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'Animal ER Live' takes family-friendly look at pet hospitals; it airs at 6 p.m. Saturdays and Sundays on Nat Geo Wild

COURTESY PHOTO - DoveLewis Veterinary Emergency & Specialty Hospital is featured on 'Animal ER Live.'Dealing with a hurting pet can be traumatic — not only for the animal, but for the human companion — and it's a topic that producers tread lightly around in the new reality show "Animal ER Live," which features Portland's DoveLewis Veterinary Emergency & Specialty Hospital.

The show, which debuted last weekend and continues through April on the Nat Geo Wild network, shows what happens behind the scenes in animal hospitals. But it won't ever be too difficult for people to watch, says Ron Morgan, DoveLewis president and chief executive officer.

"We're here to take care of them and get them back to their families," he says. "The network wants a family-friendly show. Even though it's live, there's a slight delay, and we can make sure what is seen and happening.

"In most cases, we'll have good endings. We won't show anything on live TV that will traumatize anybody. It's difficult to see animals in trauma and stress. We're trying to show what high-quality emergency speciality medicine looks like. ... As I've told some people, I wouldn't be afraid to have children sit down and watch the show. Even in emergency care, we'll be careful."

DoveLewis, 1945 N.W. Pettygrove St., has a national reputation as the only 24-hour nonprofit animal hospital in the Northwest, Morgan says with pride. It's been in business for 45 years.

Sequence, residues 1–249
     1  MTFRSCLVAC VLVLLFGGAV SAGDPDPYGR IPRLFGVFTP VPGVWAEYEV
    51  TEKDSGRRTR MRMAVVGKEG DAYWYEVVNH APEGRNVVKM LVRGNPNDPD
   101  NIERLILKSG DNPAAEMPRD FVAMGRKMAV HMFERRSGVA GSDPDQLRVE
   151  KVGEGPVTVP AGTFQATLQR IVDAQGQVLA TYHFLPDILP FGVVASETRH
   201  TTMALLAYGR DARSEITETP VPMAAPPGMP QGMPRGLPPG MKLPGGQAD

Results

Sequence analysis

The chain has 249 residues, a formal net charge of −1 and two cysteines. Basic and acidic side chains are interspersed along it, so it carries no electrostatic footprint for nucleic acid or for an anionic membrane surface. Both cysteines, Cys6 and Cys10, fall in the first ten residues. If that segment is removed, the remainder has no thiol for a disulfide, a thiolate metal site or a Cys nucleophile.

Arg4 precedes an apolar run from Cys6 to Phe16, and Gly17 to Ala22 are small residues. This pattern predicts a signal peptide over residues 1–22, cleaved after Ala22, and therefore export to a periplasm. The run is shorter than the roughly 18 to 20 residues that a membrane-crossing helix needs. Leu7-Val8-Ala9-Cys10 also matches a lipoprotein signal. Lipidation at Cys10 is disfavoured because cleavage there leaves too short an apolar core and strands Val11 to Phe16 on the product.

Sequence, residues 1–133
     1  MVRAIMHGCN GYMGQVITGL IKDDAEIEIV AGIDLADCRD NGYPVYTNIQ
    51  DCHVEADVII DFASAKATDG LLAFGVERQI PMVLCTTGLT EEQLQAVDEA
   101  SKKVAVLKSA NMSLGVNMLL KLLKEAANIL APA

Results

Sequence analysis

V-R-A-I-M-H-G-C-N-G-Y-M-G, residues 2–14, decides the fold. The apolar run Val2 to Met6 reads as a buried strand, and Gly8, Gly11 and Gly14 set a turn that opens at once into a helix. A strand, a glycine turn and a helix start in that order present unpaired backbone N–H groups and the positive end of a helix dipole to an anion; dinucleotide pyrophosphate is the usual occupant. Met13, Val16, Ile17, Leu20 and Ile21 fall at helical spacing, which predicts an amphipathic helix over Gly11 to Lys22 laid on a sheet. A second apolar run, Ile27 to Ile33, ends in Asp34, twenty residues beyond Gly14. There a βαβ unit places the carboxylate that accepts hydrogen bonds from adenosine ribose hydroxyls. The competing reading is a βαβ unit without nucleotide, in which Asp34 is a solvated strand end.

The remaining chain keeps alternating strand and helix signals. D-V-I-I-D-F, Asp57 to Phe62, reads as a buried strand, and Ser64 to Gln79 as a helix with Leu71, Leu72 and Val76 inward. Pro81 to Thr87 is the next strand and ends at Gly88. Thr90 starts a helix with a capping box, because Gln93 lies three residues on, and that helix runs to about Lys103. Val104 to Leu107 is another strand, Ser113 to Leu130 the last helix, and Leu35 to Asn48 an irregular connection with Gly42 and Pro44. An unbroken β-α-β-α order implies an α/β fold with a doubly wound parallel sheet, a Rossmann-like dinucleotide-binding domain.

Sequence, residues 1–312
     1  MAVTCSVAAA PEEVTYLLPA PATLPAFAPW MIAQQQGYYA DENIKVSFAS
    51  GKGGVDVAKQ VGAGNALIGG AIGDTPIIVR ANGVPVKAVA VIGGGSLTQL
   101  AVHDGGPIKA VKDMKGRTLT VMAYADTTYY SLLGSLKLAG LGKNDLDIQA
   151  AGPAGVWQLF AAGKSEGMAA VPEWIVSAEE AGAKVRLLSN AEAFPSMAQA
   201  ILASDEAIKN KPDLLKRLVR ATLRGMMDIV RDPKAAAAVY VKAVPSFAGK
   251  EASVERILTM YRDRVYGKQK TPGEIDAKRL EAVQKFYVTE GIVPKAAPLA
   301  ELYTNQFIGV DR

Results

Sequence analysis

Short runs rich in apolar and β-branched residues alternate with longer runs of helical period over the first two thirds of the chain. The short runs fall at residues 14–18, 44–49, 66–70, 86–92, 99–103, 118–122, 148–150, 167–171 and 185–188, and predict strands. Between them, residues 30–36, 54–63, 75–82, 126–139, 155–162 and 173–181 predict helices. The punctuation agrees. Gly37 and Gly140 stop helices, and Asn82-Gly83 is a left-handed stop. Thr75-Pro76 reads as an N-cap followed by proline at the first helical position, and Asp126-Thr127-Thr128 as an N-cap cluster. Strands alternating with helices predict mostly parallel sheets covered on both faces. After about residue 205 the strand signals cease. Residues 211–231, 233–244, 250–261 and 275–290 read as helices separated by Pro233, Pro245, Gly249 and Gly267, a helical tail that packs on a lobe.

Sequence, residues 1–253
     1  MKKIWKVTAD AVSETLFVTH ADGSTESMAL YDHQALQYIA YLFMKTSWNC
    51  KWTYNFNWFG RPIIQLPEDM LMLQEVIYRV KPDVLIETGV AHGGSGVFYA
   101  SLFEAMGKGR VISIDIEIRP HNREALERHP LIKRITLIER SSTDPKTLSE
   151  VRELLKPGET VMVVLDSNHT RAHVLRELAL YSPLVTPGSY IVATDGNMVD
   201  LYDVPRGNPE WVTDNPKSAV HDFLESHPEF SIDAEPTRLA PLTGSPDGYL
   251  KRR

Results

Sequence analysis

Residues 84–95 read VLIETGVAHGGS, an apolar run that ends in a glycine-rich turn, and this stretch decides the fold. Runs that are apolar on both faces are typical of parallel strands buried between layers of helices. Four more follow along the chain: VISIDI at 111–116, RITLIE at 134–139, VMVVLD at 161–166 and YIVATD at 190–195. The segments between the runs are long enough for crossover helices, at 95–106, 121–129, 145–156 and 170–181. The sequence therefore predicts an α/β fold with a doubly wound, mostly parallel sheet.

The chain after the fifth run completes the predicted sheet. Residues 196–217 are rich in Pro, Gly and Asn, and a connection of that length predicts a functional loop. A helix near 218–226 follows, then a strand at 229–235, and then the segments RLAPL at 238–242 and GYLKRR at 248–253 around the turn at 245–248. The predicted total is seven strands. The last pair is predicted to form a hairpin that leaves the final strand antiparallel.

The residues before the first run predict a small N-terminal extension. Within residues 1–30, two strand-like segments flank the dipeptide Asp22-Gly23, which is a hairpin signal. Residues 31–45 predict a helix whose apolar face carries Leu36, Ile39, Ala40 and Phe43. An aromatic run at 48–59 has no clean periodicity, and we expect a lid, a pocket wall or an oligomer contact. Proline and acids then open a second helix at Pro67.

Big Fish Entertainment, which excels in unscripted reality/lifestyle/documentary shows, produces "Animal ER Live." It also puts on "Live PD." Crews have spent the past month at DoveLewis preparing background stories, and then the show debuted Saturday and Sunday, March 30-31.

It airs at 6 p.m. Saturdays and Sundays; there are seven hospitals from around the country involved in the two-hour show, and there'll be live updates from hospitals when something significant happens. Mark Steines hosts from a New York City studio.

"We're not getting paid for this, and it's a lot of work. But we're a teaching hospital, and it's a chance to pull back the curtain and see what happens," Morgan says. "Hopefully, it's good publicity for DoveLewis. As a nonprofit, that's important."

Dr. Shana O'Marra, DoveLewis chief medical officer, has been helping arrange all the logistics with veterinarians and care providers.

"They're really looking for feel-good kinds of stories," O'Marra says. "What we do is treat patients who are in pain or discomfort, and our first priority is to relieve pain and give them comfort."

O'Marra says DoveLewis routinely sees a variety of animals for medical care.

There are dogs and cats, obviously, as well as rabbits, snakes, birds, backyard poultry (that actually are pets), gerbils, hamsters, guinea pigs, geckos, bearded dragons and hedgehogs. About 10 percent of the caseload is not dogs or cats, O'Marra says.

"We can see anything from a dog who is limping a little bit to another dog who has been hit by a car and has severe trauma," she says. "The severity can be immediately life-threatening, where we do emergency transfusions and CPR ... to something as simple as a torn toenail."

Caregivers also have to deal with human companions and emotions. O'Marra says caregivers are "there to help people on what is often the worst days of their lives."

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